I have recently read Jon Savage’s book about Joy Division- This Searing Light, The Sun And Everything Else: Joy Division: The Oral History. When I first heard about it I wasn’t sure an oral history, constructed from interviews old and new, was what I wanted from a Joy Division book by Jon Savage, one of the best writers of his generation. What I wanted was Jon’s writing, his thoughts and words, his insights. But within pages of starting the book I was realised I was wrong- the selection of quotes from interviews, the perspectives of the participants and eye witnesses, is exactly the way the story of Joy Division should be told. Some of the excerpts and quotes are familiar, from the Joy Division documentary from 2007, from interviews and articles I’ve read elsewhere. Some are taken from reviews and contemporary music press accounts. Some are new. The genius of Jon’s assemblage of the quotes is in the constant forward momentum of the story, told from within the band and from outside it, and the way he manages to make time shift. Clearly we all know the ending and some of the passages are from interviews with Sumner, Hook and Morris talking now about then, but despite them having the benefit of hindsight the book has a real immediacy, as if events are unfolding in front of your eyes. The shifting focus from one person to another, with interviews conducted at different points between 1978 and 2018, is really well done. The final few chapters, hurtling into 1980 and Ian’s increasing issues with his epilepsy and the side effects of the medication, the ongoing situation with Ian, Deborah Curtis and Annik Honore and the sense within the group that they should stop and give Ian a rest- while at the same time they’re making Transmission, Atmosphere, Dead Souls, Closer and Love Will Tear Us Apart- is brilliantly portrayed, heartrendingly so as the whirlpool sucks Ian further into it, and the loss of control by all involved. If you have any interest in the Joy Division story or the music they made, I can’t recommend it enough.

Fittingly, for a group so defined by the graphic presentation of the art and the beauty of Peter Saville’s work, it is a superbly put together book too, from the shiny reflective cover with the book title in the font used for Closer and grainy band photo, to the selection of gig shots and posters. There are a pair of quotes placed at the end of two of the chapters that are genuinely breathtaking, that make you stop, turn back a few pages and read again, so that the quote comes at you once more- one is from Tony Wilson, that gives the book its title (you should buy it, read it and enjoy that moment yourself). The other is from Annik Honore where she says ‘They made [the music] very naturally… and that’s why it was so good, because they were not self-conscious about it. I think it was coming from deep within them… it was spontaneous, it was not calculated, you know, not artificial; they had the light, the spirit.’ For a group that lasted only a couple of years and wrote and recorded no more than eighty songs, that had an enormous impact on those around them and in their audience at the time- Annik’s quote goes some way toward explaining their particular brilliance.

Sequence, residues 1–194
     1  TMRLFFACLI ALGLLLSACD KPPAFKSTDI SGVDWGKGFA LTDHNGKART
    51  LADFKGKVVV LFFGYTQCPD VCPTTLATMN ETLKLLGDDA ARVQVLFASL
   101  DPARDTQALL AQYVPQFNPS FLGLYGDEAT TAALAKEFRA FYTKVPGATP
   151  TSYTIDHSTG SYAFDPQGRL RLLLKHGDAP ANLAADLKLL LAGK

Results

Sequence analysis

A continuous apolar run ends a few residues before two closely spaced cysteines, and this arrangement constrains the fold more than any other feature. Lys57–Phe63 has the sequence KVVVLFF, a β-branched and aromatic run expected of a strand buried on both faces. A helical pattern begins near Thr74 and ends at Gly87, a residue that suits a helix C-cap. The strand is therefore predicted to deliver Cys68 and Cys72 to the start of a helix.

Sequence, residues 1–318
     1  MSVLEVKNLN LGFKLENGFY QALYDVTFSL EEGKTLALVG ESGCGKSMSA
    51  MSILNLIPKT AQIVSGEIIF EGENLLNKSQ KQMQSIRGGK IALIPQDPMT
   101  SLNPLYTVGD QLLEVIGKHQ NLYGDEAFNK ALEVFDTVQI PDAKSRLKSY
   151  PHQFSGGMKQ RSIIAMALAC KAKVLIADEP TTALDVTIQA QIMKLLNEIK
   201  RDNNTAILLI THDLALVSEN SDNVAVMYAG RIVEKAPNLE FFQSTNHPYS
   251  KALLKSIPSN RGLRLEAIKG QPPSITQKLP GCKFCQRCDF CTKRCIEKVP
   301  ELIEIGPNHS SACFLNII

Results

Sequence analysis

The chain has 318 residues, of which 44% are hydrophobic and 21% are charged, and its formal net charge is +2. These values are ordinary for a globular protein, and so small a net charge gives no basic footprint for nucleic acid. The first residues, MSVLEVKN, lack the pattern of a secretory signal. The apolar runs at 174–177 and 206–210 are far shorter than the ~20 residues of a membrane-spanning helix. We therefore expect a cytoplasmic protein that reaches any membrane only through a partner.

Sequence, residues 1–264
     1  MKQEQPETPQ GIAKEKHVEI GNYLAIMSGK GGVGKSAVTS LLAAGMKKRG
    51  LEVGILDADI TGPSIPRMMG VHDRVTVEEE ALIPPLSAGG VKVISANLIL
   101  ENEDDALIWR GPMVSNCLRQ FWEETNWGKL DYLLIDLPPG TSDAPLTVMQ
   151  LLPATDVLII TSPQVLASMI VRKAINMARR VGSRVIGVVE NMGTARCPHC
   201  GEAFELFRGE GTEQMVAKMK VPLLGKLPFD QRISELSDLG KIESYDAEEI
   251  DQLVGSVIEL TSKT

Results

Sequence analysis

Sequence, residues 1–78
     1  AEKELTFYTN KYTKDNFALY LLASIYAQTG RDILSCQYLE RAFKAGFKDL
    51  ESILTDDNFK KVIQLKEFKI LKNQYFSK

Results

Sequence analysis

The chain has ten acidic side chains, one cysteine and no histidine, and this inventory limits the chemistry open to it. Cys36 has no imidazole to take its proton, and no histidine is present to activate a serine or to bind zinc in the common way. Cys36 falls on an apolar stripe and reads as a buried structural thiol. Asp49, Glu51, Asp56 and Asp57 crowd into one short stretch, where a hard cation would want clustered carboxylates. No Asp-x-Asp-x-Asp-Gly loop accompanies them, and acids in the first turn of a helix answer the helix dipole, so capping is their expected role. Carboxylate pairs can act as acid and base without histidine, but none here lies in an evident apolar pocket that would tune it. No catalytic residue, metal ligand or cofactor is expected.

In 1978, before Factory existed, Joy Division got some studio time from RCA (who had an office in Manchester at the time). The session didn’t go very well and they almost walked out. It was suggested that they record a cover of version of N.F. Porter’s northern soul classic Keep On Keeping On. Hooky says they could never do covers, they never turned out well, they couldn’t work out the parts, but in this case they kept the guitar riff which became Interzone. It would be one of the ten songs that became Unknown Pleasures, recorded in Stockport’s Strawberry Studios with Martin Hannett in 1979. Hooky and Bernard hated Unknown Pleasures. Hannett took away their aggressive, punky live sound and made it something else, something with space and atmosphere and a doomy sense of things going wrong. Everyone else loved it. The rest, as they always say, is history.

Keep On Keeping On

Interzone